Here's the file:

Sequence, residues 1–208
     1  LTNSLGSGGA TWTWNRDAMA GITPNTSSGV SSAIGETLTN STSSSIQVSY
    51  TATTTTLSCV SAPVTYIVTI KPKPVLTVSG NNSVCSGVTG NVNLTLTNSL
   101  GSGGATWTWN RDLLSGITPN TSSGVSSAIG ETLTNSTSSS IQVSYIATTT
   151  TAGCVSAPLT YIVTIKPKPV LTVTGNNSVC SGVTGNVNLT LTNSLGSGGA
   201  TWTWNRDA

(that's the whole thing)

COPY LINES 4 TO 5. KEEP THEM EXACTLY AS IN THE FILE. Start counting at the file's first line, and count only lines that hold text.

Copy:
   101  GSGGATWTWN RDLLSGITPN TSSGVSSAIG ETLTNSTSSS IQVSYIATTT
   151  TAGCVSAPLT YIVTIKPKPV LTVTGNNSVC SGVTGNVNLT LTNSLGSGGA